The Fresh Loaf

News & Information for Amateur Bakers and Artisan Bread Enthusiasts

Calories in sourdough starter

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althetrainer's picture
althetrainer

Calories in sourdough starter

When I make a recipe for my cooking, I always calculate the nutrition values.  I can't seem to calculate the nutrition values and calorie content of a loaf of sourdough bread.  I don't have problems with other ingredients except the starter and/or the sponge.  I hope some of you will be able to enlighten me in this department.


Say, if I use a starter that is made of equal amount of water and flour, that means only half of the total weight contains caloreis.  If I use 10 oz of that starter to mix with 10 oz of water and 10 oz of flour, out of the total 30 oz only 15 oz contain calories, so I should only add calories for 15 oz flour (or half of the total weight) into my recipe, am I correct?  Is there anything else I should take into consideration?

Yumarama's picture
Yumarama

The starter is made up of flour and water, so whatever nutritional value that flour has (check the bag) is what's in the starter.

rockfish42's picture
rockfish42

Well keep in mind that some of the caloric content of the flour will be used by the bacteria and yeast. This is probably fairly negligible though.

althetrainer's picture
althetrainer

I have just finished making the recipe for a medium loaf.  Only 60 calories a slice, that's pretty good.

deblacksmith's picture
deblacksmith

As others have said you are correct in how you are looking at calories.  I have looked at most of the breads I have baked and have come to an average value for almost all of my breads.


If I weigh the slice of bread in grams, then for every 10 grams of bread I use 27 calories.  If working in oz then that is for 1 oz equal 76.5 calories.


For your slice -- I would guess that it was just a little over 3/4 of an oz.  Or in grams it weight was about 22 grams.  How close did I come?


These values are not perfect -- but close enough, I think, for most of us intereted in counting calories.


The amount of fats in bread, do of course make a difference -- but for most breads this factor is not very large.


Dave

althetrainer's picture
althetrainer

Dave, I find it fascinating when I track the nutrition values of my breads.  You're right.  The ingredients used in the bread do make a difference.  I have just calculated a medium loaf (1.5 lb) cottgae cheese dill bread in which I did put 1 cup of 1% fat cottage cheese, vital wheat gluten, dill weeds, non fat milk instead of water along with the regular ingredients.  Also, I used a 166% hydration sponge.  The weight of the slices varies;  a slice near the end is smaller than a slice taken from the middle of the loaf.  So I figured the calories by weighing each piece.  Last night, I weighed a middle piece and it was just a bit over 1 oz (1.1 oz to be exact) so it was just a bit under 70 calories.  My regular 100% whole wheat would come out about a bit over 60 calories per gram.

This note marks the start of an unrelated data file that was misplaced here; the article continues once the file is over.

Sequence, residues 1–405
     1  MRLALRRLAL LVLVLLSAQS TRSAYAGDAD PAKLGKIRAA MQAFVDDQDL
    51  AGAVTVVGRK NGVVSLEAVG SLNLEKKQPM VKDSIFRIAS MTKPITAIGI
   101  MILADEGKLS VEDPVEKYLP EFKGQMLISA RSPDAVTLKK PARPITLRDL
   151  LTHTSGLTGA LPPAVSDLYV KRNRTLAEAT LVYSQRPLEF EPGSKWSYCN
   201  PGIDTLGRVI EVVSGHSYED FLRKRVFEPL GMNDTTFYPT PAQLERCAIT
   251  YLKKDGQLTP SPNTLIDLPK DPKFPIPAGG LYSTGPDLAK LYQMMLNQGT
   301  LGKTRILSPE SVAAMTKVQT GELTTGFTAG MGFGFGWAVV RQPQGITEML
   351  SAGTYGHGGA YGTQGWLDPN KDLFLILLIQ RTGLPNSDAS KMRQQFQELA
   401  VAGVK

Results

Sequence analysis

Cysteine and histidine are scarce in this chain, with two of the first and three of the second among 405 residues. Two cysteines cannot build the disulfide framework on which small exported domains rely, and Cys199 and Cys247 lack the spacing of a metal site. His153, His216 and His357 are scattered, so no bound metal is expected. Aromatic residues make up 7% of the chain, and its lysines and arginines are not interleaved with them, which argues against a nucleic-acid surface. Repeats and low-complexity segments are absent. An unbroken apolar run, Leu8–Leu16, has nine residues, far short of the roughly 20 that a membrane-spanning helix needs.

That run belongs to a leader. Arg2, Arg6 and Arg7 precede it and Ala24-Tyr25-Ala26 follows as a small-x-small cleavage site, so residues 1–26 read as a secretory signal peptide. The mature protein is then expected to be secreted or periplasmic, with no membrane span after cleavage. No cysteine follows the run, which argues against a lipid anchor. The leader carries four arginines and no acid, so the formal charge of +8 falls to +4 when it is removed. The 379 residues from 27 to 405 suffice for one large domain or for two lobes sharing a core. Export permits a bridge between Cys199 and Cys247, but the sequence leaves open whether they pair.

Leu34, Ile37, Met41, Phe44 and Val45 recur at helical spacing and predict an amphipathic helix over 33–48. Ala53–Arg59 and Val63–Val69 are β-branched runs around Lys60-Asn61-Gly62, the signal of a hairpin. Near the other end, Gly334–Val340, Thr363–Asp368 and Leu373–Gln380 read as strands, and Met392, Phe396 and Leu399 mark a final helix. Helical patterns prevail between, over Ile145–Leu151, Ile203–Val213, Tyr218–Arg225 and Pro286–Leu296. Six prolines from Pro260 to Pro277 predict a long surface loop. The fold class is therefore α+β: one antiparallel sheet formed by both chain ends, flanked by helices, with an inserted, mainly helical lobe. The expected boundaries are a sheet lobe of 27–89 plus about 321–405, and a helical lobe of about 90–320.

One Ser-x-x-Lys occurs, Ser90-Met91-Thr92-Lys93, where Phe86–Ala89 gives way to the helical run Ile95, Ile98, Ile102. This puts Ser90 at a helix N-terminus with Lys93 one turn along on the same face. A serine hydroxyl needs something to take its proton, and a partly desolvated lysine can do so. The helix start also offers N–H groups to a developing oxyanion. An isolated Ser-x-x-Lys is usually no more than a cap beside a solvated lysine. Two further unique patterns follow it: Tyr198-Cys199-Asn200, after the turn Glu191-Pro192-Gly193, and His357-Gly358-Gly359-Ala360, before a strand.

I am just curious, what's the hydration level of your sponge?  Do you usually weigh your sponge before making the dough?  How much does one cup of your sponge weigh in its prime?  Mine seems to weighs between 8.6 and 9 oz in a cup.  Also, do you use some software to do the calculation?




deblacksmith's picture
deblacksmith

 


Mostly I look at the calories in the finished bread by looking at what goes into the bread.  Water doesn't add any calories, but it is part of the finished weight of the bread and therefore important.


The basics come from the fact that every 10 grams of carbohydrate we get 40 celeries.  For every 10 grams of protein, we get 40 calories and for every 10 grams of fat, we get 90 calories.  Of course, for whole-wheat flour part of the weight is material that adds no calories.  The "fiber" for example, but it is still very good for us.


What I do to calculate calories in bread is to add up all of the calories in the total ingredients and then divide that by the total weight of the baked bread.  A good place to look for values is   http://www.calorieking.com   I have had very good luck in finding most every thing on this site and can input a weight in oz. or grams and get the calories.


Most of our baked bread is going to be carbohydrate with some protein and water.  There will also be some fat if we use butter or oil in the recipe.  There will also be some "fiber" that adds weight but not calories.  Still taking this all into account, I have found that if I use 27 calories for every 10 grams of weight I am close enough for my diet management.  This of course does not reflect the fact that whole-wheat bread is better for me the white bread – or that the real killer is how much butter I put on the bread.


 


Dave


 

tjkoko's picture
tjkoko

Having taught Health Science for several years, I know the numbers: 4, 4, and 9.  That is to state as far as energy content is concerned, 4 cal/g carbohydrate, 4 cal/g protein and 9 cal/g fat.

sybram's picture
sybram

This is of high importance to me also. I'm a bread lover, so must really watch it. I'm following the Weight Watcher weight loss plan. I've recently started my sourdough starters, because having only flour, water, salt and starter in the artisan breads means the calories are low enough that I can count them a "reduced calorie" bread. One ounce of rc bread is only equal to 1 point, as opposed to 2 points (or more)for regular bread. Of course, it tastes better, too.

Syb